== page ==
Then, IF YOU ARE LUCKY, the bear leaps on the mountain lion and they are locked in epic battle until finally the two of them roll off a cliff edge together, and the mountain lion is dead.
Maybe. You’re not sure – it fell off the cliff, but mountain lions are crafty. It could come back at any moment.
And all your friends come running up to you and say “that was amazing! You’re so brave, we’re so proud of you! You didn’t die! That must be a huge relief!”
Meanwhile, you blew out both your knees, you’re having an asthma attack, you twisted your ankle, and also you have been mauled by a bear. And everyone says “boy, you must be excited to walk down the mountain!” And all you can think as you stagger to your feet is “F this mountain, I never wanted to climb it in the first place.”
This story was not written by me but another fellow cancer patient. They hit the nail right on the head and I couldn’t have said it better myself or made a better comparison. And to think that I’ve climbed that mountain twice! And both times I was pregnant!!! Not a little pregnant but very, very pregnant… TWICE!!! I’m not saying this to toot my own horn. I guess I am talking to myself right now. To drill a point home to my dense brain. For me to really remember and recognize all I have been through the last 4 years. Because I am probably the biggest offender to myself. My mentality has been to not stop, to forge on like nothing is wrong, to think to myself, “I’m not tired”, when in reality, I am a total wreck, exhausted but too delirious to even recognize it. Don’t tell anyone, but I think I have learned to sleep with my eyes open. Keep going, keep going, keep going. I mean really, when there is a mountain lion chasing you, wouldn’t you just keep going? At least until you may think it’s safe to stop and catch your breath for a moment or you’ll just collapse from total exhaustion. Who has time to think about better choices in a situation like this? The raptor brain kicks in and for me it’s nothing but a drive of pure adrenaline and a positive thinking, “nothing can get me down” attitude and to keep the “F” running forward. I know I should extend myself a little more grace sometimes. Give myself more time to rest, heal, recover. And yes, I do nap, I do rest, I do take time for myself… but I certainly put up a good fight that I WILL NOT LET THIS DISEASE WIN! I will not be eaten by a mountain lion.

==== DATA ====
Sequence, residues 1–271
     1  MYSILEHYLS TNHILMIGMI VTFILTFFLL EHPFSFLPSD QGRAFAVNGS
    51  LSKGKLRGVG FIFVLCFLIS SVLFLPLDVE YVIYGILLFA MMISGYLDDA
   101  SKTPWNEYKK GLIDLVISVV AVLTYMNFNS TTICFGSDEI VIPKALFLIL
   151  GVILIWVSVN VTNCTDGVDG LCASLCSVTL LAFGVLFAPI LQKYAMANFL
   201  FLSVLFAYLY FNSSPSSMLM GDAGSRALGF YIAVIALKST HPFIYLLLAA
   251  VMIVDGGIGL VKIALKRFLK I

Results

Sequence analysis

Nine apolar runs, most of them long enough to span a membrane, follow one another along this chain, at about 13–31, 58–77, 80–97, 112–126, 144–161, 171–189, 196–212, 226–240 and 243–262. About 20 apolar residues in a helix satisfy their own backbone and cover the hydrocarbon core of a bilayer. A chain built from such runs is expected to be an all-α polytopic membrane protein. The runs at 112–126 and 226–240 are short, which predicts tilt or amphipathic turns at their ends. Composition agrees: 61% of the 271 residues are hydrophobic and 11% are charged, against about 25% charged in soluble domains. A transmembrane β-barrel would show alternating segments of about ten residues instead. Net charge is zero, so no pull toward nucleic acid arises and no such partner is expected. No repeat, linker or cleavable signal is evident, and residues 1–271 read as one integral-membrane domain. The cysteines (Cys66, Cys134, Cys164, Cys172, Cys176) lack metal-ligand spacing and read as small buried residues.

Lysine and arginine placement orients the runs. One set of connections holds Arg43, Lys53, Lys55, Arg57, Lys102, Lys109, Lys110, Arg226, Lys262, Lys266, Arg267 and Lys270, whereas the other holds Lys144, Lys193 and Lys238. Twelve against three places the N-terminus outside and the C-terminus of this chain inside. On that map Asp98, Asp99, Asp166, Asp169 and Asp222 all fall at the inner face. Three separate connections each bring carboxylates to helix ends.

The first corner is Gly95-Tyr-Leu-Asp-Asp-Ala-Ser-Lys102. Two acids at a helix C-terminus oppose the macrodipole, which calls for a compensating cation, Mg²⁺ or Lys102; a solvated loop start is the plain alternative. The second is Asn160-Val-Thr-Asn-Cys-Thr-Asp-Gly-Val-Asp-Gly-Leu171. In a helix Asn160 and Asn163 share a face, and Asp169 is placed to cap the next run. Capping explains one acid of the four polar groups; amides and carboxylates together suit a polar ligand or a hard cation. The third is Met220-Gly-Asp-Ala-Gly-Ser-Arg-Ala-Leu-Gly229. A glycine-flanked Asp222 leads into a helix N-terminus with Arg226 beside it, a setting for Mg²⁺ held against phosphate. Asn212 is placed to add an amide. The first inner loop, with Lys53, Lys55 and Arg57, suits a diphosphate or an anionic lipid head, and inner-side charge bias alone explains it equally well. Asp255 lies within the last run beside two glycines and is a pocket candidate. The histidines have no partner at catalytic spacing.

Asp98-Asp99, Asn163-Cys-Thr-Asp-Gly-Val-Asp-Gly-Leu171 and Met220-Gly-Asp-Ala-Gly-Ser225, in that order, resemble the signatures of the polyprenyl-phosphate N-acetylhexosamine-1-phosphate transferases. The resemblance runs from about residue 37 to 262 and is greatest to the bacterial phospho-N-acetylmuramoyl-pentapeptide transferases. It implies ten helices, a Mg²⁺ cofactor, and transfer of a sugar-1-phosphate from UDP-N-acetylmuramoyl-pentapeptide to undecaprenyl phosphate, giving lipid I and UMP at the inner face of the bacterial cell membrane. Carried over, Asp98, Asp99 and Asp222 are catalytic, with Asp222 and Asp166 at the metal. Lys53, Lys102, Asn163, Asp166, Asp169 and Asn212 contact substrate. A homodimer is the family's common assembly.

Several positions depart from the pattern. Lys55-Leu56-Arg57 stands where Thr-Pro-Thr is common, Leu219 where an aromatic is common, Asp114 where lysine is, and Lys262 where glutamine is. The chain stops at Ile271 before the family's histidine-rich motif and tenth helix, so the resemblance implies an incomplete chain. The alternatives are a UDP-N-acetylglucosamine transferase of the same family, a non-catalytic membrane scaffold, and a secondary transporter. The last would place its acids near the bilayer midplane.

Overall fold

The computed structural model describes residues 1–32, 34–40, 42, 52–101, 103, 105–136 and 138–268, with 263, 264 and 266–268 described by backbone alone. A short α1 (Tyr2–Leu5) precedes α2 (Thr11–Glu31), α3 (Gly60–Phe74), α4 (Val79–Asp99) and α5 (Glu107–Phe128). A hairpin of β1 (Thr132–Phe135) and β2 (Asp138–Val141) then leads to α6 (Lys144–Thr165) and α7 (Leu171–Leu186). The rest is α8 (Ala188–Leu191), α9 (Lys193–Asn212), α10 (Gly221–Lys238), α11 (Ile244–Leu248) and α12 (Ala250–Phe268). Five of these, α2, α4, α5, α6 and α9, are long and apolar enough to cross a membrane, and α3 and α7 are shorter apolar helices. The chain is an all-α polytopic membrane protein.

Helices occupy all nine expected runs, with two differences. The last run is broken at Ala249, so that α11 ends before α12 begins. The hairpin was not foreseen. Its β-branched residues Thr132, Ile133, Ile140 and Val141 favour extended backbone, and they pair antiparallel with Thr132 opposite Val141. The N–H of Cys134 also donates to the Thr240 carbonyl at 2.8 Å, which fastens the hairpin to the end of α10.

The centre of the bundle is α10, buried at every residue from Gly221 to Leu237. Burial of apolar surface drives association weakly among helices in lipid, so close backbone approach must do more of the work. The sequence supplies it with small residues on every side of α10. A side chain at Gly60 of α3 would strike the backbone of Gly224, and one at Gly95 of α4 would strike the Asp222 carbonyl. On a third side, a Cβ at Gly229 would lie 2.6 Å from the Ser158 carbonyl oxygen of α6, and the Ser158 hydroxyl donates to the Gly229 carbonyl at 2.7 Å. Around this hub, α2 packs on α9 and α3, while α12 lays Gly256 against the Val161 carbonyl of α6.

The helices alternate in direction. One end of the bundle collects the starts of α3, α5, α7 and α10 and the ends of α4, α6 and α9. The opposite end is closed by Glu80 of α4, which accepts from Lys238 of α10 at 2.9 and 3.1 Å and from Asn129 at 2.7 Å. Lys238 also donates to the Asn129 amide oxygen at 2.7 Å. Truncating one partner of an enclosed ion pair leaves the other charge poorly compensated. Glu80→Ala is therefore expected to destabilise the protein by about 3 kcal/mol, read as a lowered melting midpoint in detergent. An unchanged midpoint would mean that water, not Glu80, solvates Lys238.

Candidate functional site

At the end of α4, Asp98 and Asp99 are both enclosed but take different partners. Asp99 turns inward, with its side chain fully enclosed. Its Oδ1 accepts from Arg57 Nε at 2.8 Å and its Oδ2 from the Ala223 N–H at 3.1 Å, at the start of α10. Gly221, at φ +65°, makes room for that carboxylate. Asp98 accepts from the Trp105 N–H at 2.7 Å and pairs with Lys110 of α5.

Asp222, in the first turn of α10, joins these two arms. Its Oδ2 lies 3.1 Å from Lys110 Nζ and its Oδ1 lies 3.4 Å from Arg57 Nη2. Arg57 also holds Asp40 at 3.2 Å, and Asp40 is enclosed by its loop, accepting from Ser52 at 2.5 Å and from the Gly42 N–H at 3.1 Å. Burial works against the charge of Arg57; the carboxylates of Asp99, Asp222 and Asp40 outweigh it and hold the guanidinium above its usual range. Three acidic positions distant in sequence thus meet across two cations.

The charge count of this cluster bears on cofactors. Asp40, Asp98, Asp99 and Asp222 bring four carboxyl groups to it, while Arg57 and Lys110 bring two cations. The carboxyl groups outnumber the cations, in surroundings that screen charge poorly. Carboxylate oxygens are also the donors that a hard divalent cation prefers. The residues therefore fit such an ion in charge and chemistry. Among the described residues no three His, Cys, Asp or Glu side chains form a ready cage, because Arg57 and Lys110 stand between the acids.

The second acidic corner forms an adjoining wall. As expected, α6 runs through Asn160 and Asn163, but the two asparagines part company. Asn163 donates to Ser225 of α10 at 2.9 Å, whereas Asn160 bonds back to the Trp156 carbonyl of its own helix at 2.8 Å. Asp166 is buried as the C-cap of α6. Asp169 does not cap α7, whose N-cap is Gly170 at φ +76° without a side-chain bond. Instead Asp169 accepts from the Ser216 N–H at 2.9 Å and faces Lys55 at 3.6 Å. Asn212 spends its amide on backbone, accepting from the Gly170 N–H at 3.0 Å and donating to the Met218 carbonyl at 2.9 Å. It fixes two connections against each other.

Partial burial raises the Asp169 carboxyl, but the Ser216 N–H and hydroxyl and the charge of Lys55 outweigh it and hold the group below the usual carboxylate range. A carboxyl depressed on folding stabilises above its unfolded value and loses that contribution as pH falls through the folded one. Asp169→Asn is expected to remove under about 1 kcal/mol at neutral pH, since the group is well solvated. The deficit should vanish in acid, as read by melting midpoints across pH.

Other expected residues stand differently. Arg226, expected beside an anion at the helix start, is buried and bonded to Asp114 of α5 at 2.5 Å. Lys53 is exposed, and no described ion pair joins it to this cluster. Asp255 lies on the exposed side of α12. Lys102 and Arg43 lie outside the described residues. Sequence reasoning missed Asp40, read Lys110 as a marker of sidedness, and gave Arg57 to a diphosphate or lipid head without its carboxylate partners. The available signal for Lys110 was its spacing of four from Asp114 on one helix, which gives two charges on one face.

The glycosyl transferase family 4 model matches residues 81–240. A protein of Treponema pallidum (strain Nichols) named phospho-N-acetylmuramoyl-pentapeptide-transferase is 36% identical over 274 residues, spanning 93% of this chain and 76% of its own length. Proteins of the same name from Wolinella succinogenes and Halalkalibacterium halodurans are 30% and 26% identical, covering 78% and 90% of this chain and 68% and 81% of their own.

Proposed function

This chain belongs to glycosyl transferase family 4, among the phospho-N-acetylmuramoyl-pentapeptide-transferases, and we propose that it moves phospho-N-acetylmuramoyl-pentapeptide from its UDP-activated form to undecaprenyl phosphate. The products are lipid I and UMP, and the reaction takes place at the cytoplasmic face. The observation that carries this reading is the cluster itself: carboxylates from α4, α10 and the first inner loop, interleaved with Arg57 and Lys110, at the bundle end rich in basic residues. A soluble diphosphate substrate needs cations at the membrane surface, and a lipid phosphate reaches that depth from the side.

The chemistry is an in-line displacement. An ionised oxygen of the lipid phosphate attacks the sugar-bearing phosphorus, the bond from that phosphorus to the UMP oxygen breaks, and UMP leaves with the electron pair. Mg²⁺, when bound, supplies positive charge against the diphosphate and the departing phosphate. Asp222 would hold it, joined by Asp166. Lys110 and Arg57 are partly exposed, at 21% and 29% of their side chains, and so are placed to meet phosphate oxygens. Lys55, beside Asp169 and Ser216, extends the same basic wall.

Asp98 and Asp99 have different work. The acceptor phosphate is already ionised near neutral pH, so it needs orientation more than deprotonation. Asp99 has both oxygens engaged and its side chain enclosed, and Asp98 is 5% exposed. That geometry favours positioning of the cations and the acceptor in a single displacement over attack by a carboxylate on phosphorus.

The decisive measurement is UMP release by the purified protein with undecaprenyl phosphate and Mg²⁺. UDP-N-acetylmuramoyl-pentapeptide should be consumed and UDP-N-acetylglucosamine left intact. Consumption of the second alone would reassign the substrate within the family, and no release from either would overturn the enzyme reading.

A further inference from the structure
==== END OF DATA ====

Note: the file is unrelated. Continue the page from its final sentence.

Sure, I will come out of this battle scarred and missing some body parts. And my poor husband, he has been beaten and bruised from this, acquiring his own battle wounds from this fight. Not to mention my entire family and extended family has been banged up as well. But we all keep going, running up that mountain, fighting off any predator (not just the bear and mountain lion) that we encounter mountain side.
And that my friends is a glimpse of what fighting cancer is like.
October is breast cancer awareness month. Do me a favor and get those boobies checked. In fact take this time to check out any part of your body that could be suspicious for cancer. Early detection is key. Do this for yourselves and your families so that you don’t wake up one morning and find an immortal mountain lion in your fridge.